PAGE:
“Johnny and the Sprites” has set a new standard in children’s programming. Parents are encouraged to watch television with our children to interact with them and help them understand what they’re watching.
But let’s face it: kids shows are fairly horrible. They seem to cater to the lowest common denominator and rely on the assumption that most kids will watch just about anything as long as it’s colorful. Every morning I live in fear that this will be the day my son discovers the likes of Barney or the Teletubbies.
That’s why I was pleasantly surprised to discover “Johnny and the Sprites” on the Disney Channel. Now in its second season, “Johnny and the Sprites” is the story of a young man named Johnny (played by John Tartaglia) who moves to a house in the woods to write music. He soon discovers that the woods surrounding his new home are filled with magical creatures, including the Sprites.
Ginger (Leslie Carrara-Rudolph) is an air sprite who enjoys sports and games. Basil (Tim Lagasse) is an earth sprite, he’s very smart and is an expert on gardening and sprite history. Lily (Carmen Osbar) is a water sprite. Lily is very attuned to nature and speaks Spanish. Root (Heather Asch) is a baby Earth sprite who has already learned to make vegetables grow just by talking to them.
Johnny teaches the sprites (and the viewers) important lessons about patience and taking turns while the sprites remind Johnny of the importance of having fun and living life to the fullest. With the help of special guest characters like the “Make a Mess Troll” and the rare “Notseenaloticus” children learn about cleaning up after themselves and the value of protecting endangered species.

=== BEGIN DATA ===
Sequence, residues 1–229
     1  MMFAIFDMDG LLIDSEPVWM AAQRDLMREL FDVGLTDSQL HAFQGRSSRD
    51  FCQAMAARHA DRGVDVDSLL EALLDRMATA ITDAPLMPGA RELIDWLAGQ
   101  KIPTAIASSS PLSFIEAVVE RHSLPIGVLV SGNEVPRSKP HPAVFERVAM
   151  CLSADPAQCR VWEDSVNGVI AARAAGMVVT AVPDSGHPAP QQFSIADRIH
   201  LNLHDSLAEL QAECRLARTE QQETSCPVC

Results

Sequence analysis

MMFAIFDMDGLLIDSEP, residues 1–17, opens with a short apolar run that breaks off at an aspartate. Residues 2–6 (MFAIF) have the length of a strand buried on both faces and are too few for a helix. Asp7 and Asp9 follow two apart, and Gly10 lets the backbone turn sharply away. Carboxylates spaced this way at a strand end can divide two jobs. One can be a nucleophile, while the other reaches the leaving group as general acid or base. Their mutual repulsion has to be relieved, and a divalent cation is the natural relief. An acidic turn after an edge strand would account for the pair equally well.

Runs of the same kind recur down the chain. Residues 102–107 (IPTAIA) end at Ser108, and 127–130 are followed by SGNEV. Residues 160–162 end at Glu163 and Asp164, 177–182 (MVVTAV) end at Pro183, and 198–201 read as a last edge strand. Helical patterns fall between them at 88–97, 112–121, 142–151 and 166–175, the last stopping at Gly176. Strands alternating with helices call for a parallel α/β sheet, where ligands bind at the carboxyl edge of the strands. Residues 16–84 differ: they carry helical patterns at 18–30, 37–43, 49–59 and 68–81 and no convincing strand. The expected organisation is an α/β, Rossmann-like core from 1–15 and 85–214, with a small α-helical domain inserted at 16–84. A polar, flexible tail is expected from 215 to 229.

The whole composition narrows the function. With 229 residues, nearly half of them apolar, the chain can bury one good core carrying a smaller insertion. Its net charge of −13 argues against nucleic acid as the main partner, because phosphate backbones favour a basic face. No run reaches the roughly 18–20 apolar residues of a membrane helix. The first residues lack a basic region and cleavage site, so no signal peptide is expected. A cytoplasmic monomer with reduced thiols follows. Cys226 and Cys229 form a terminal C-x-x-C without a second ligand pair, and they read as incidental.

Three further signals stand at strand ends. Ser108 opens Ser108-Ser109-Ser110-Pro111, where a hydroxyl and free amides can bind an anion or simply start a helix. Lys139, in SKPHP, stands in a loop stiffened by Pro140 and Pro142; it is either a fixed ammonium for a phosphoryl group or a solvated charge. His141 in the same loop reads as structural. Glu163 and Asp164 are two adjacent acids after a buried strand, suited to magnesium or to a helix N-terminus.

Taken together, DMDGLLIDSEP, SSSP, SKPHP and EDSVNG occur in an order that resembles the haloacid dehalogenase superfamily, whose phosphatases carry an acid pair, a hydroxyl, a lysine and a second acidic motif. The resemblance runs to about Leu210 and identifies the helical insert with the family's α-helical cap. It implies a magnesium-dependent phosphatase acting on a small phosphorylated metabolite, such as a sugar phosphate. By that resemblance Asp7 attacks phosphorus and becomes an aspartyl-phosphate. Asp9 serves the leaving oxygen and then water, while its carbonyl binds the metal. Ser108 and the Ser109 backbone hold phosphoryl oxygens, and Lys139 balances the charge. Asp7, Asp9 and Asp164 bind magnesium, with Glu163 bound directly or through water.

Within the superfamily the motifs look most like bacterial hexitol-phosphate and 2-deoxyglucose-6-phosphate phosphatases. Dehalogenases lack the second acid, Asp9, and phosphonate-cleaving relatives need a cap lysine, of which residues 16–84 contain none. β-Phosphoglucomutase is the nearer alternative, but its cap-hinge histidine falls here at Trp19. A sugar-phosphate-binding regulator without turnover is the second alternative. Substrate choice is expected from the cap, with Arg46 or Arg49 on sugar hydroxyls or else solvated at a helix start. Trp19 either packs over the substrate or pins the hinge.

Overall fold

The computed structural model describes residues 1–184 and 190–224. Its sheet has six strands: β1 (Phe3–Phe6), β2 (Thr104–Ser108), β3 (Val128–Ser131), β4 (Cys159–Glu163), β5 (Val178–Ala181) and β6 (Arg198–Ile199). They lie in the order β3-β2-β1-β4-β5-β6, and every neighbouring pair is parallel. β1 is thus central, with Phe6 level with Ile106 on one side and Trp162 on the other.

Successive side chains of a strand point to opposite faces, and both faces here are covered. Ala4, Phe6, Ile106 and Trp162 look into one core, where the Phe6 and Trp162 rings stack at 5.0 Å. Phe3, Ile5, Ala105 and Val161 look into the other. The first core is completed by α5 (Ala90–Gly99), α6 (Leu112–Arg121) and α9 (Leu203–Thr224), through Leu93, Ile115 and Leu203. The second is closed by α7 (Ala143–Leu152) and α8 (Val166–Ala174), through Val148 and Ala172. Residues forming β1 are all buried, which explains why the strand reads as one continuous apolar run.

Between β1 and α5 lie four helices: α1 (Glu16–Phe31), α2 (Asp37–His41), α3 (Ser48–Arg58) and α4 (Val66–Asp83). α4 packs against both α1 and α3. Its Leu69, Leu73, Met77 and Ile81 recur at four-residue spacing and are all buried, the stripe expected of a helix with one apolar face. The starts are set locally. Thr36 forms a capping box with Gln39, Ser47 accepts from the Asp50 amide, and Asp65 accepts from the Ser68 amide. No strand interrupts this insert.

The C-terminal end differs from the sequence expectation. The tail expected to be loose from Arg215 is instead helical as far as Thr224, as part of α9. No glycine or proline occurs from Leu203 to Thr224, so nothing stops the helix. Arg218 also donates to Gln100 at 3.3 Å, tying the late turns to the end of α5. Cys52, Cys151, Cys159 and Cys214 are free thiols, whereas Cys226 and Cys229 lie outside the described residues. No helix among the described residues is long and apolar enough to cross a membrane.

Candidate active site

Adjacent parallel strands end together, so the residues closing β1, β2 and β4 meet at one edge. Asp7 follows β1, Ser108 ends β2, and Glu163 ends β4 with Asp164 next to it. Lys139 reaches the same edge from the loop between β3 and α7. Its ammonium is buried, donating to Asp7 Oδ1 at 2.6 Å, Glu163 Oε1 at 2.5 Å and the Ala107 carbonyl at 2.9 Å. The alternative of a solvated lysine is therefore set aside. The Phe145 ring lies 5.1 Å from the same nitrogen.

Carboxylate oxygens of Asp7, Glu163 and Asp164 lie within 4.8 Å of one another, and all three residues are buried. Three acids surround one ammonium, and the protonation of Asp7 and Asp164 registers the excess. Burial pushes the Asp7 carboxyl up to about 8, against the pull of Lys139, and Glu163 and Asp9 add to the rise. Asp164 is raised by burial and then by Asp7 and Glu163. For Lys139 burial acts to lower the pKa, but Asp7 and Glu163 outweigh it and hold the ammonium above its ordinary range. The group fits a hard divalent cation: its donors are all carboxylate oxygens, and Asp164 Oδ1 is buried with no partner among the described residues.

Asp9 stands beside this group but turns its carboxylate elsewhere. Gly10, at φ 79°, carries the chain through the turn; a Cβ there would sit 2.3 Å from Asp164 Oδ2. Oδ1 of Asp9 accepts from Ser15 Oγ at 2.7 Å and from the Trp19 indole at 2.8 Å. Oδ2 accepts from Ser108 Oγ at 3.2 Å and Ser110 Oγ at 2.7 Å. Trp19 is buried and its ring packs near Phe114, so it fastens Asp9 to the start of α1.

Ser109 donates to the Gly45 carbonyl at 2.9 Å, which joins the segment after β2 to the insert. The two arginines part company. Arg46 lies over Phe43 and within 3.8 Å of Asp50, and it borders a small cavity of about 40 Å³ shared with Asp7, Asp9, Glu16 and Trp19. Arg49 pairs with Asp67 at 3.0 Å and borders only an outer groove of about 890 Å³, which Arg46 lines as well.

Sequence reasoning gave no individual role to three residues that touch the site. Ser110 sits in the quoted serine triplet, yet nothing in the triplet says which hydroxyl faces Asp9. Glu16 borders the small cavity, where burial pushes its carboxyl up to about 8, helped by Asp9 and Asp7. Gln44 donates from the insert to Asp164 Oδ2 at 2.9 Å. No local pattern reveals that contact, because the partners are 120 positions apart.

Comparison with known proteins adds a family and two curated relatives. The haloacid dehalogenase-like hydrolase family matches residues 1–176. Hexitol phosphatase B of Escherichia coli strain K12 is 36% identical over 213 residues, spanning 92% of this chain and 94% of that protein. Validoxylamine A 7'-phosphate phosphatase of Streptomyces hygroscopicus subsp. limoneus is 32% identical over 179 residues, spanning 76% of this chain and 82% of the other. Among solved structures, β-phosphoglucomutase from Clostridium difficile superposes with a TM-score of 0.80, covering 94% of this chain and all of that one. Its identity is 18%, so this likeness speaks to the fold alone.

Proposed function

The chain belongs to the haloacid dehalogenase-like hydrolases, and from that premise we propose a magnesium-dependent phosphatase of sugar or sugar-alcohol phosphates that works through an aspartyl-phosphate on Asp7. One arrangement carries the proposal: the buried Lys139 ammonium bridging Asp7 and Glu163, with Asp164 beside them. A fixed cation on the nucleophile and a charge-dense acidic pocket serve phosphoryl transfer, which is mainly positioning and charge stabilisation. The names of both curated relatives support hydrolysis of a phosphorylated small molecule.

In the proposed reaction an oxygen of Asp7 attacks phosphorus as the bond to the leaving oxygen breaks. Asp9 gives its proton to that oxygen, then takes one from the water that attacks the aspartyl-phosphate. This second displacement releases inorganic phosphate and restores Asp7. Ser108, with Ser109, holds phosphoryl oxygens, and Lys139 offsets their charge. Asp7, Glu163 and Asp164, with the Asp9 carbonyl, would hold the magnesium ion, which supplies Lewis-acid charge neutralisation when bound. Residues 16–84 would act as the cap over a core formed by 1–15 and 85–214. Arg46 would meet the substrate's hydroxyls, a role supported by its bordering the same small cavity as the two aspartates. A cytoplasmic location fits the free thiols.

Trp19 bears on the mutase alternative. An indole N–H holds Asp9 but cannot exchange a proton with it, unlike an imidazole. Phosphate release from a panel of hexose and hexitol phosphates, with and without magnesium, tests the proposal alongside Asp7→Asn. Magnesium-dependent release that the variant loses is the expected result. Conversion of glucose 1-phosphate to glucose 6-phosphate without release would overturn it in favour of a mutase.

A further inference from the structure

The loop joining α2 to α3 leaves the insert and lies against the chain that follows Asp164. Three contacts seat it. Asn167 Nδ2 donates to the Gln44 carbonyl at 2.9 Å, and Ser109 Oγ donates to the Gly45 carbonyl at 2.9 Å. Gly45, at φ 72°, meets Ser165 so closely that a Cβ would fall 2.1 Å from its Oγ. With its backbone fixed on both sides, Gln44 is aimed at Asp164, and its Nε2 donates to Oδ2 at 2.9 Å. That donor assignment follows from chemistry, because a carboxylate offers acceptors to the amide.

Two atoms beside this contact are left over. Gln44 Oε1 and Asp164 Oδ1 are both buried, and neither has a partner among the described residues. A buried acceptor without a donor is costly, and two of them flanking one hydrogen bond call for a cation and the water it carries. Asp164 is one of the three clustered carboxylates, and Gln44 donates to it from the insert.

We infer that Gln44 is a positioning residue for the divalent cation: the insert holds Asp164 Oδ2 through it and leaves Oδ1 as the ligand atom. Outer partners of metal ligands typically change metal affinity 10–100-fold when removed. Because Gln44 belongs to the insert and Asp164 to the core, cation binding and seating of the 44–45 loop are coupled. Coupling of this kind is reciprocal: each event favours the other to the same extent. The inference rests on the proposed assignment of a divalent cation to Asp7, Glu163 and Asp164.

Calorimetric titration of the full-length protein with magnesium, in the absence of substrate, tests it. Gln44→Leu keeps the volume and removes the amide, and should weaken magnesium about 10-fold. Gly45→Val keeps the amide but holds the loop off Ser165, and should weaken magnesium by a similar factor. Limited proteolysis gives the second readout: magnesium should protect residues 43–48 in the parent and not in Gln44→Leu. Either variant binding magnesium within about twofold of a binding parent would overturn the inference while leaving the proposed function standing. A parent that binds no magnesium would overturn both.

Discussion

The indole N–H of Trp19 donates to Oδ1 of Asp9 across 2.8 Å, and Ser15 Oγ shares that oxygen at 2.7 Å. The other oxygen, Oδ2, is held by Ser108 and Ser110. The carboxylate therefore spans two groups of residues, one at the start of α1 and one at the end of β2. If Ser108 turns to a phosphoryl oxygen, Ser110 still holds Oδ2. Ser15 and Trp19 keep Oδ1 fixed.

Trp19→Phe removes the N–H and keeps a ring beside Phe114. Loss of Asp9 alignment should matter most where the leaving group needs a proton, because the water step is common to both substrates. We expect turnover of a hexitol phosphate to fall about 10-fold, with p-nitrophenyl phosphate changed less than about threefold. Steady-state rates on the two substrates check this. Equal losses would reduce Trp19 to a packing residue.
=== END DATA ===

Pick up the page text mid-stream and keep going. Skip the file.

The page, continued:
Sage (also played by John Tartaglia), the oldest and wisest sprite in the woods, is always on hand to give the young sprites advice. Johnny’s human friend Gwen (Natalie Venetia Belcon) stops by in every episode with a different job, stressing the importance of trying new things.
The production value of “Johnny and the Sprites” is surprisingly high. The show is filled with songs written by award winning Broadway composers like Gary Adler and Bobby Lopez (Avenue Q) Laurence O’Keefe (Legally Blonde: The Musical) and Michael Patrick Walker (Altar Boyz).
Taped on a studio soundstage in Queens, the set of “Johnny and the Sprites” (designed by Laura Brock) is elaborate and thoughtful. No detail was spared in Johnny’s house with its quaint charm. The woods around Johnny’s house is full of lush greenery, tons of flowers, a waterfall and a reflecting pond. The woods are obviously fake, but the attention to detail and the sheer volume is astounding. Every viewing of the show lends itself to new discoveries.
For children, the Sprites are sweet and endearing creatures and for young mothers John Tartaglia isn’t bad to look at either. Weekend mornings don’t seem so bad since my son and I discovered this new show. “Johnny and the Sprites” proves that children can be entertained and still learn with higher production quality and thoughtful programming. “Johnny and the Sprites” can be seen on Saturday and Sunday mornings at 7:30 and I look forward to many more seasons that I can enjoy with my son.